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Imagine the picnics and evening dances that took place here 100 years ago. A Walking Tour of the
Massassauga Point Conservation Area

An Historical, Flora and Fauna, Walking Tour
(Match the numbers below with this map)

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1.  This is the first of many historical sites of Massassauga Point. The dance pavilion built here around the time of World War I was just one of the many social activities the Point was famous for. Yachting, cricket and picnicking were also very popular.

2.  At this picnic area, looking over to Point Anne, you will see the view that made the Point such a popular place.   Steamers regularly transported visitors to the resort, where they disembarked at the Hotel dock. As you walk towards the site of the old Hotel, look for an old path and the hickory trees that once earned the resort the name of "Hickory Nut Plains".

3.  Here is the original site of the Hotel built sometime before 1879.  In 1878, half of the land was owned by the Wallbridge family and they began the era; in 1886 they sold this part to the Anderson family.  A dispute between the families resulted in the closing of the only access road and led to the end of the Point as a resort.

4. Look through the trees along the ground for various foundations likely of the outbuildings and cottages that surrounded the Hotel.  The site of the old well is also in this grove.

5.  This is one of the low areas on the Point and a small, seasonal stream runs through and empties into the Bay. Skunk Lilly late in the afternoon and starting to close. In the early spring look for lilies, violets and mosses. 
Later on, such plants as Enchanter's Nightshade, Wood Anemone, Mayapple and Buttercups can be found in abundance.  Juneberry shrubs entice songbirds and mammals to this area.  Keep an eye out for a Red-belied Woodpecker, not native to this area, as well as any number of  Tyrant Flycatchers, Woodpeckers, Squirrels and Chipmunks.

6 & 7.   The beach and shore areas surround the Point and are generally cool and dry.  The vegetation here needs abundant water and Hedge Bindweed, Canada Anemone, Gill-over-the-Ground, Eastern Cottonwood and Black Willow can be seen all around the Point.  Though it is fully exposed to wind and sun, it is used as a source of water for the animals of the Point and Northern Water snakes sun themselves here. Great Blue Herons and Mallards are also seen and Swallows often dodge the waves on windy days.

8.  A predominant area of the Point is covered by Cedar Scrub, consisting mainly of Red Cedar.  Its ability to survive in shallow soil with little moisture makes it one of the stronger strains of tree, and often crowds out the seedlings of the mature Bur Oak, Red Oak, Red Ash and European Buckthorn.  There are also a number of flowering weeds present in the spring such as Dandelions,  Mint, Hawkweed, Bedstraws and Buttercups. Look for Trout Lilies and Herb Robert
throughout the summer.  Wildlife in these areas is most diverse, from the Blue Jay and Chickadee to the White-tailed Deer and Eastern Cottontail.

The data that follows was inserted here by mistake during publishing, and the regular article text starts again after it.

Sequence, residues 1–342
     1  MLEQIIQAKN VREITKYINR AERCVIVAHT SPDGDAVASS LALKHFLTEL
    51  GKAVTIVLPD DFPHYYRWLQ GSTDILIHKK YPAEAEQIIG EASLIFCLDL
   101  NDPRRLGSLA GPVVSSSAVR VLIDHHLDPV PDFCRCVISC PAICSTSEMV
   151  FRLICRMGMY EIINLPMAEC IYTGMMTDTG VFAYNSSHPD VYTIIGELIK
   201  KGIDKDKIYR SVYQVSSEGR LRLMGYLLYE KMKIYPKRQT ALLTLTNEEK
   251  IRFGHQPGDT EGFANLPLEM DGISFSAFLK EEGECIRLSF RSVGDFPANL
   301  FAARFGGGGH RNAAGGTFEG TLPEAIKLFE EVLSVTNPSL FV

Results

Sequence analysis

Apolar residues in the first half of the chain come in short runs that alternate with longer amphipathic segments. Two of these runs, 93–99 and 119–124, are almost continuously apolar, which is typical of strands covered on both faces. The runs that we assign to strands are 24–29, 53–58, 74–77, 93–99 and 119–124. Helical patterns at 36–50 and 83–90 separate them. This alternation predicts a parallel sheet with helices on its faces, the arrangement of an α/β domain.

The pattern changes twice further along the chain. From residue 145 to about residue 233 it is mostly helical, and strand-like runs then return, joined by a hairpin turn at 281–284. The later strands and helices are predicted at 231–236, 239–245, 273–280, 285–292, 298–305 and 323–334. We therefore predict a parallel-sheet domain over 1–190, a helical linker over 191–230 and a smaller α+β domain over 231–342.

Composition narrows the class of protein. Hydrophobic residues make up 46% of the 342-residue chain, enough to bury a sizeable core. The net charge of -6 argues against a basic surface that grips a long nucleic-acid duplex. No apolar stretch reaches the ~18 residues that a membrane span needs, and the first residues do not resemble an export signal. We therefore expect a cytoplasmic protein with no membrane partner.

9. As you come upon the deserted Quarry you will first see the marsh and the site of the old dock, where we now have a comfortable bench on which to rest while you enjout the lake vista.  Around the marsh, Eastern Cottonwood, Purple Loosestrife, Square- stemmed Monkey-Flower, Summer Grape, Sedge, Fern Ally and grasses can be found.  As you walk through the Quarry you will see that only Staghorn Sumac, Cinquefoil Species, Summer Grape and the durable Herb Robert manage to survive on the barren quarry floor.  See if you can find evidence of the Coyotes that have been known to den here. Look for tracks and other signs of this animal.

10. The Meadows provide food for the deer and cottontails in a variety of plants that can withstand long, dry periods. Viper's Bugloss, Hawkweeds, Yarrow, Skullcaps, Cinquefoils and Goat's Beard are types of vegetation you will see here.  Sedges can be found in marshy areas in the early spring.  The meadows also support vegetation characteristic of alvars - areas of shallow soil over limestone - though they are not technically recognized as such.  Long-plumed Purple Avens, Tall Cinquefoil, Sleepy Catchfly, Mouse Ear Chickweed and Smaller Skullcap are all indicative of alvars. We have also identified death (white) camus, snow berry, narrow leaf jersey tea and wild onions.  This is a fragile, special area and should be appreciated.

11. The Ash and Hickory Forest is well worth your while to go a little out of the way to see.  This low lying, wet area supports tree species such as Black Ash, Red Ash Shagbark Hickory, Bur Oak, Ironwood and Basswood.  Its seclusion from the rest of the Point helps this area to maintain its diverse plant life and some of the more unusual vegetation of the area.  Look  for Spotted Joe-pye-weed, Elecampane, White Lettuce, TrilHun:i, Wild Bergamot, Bloodroot and Pipsissewa.Hmm... Interesting little flower.  The more familiar Violets, Mints, Phlox, Dame's Rocket and Mayapple can also be found here. There is a smaller replica of this area near the shore where White Elm trees add to the variety and White-tailed Deer are common.

12. The Seasonal Stream found in the Ash and Shag Bark Hickory Forest travels through the Bur Oak Grove as well, carrying the winter runoff into the Bay keeping this low lying area wet throughout the growing season.


Take nothing but pictures,

leave nothing but footprints.

DO NOT distrub the flowers!

Remember it is illegal to remove any plants from a conservation area, even if you plan to transplant them!


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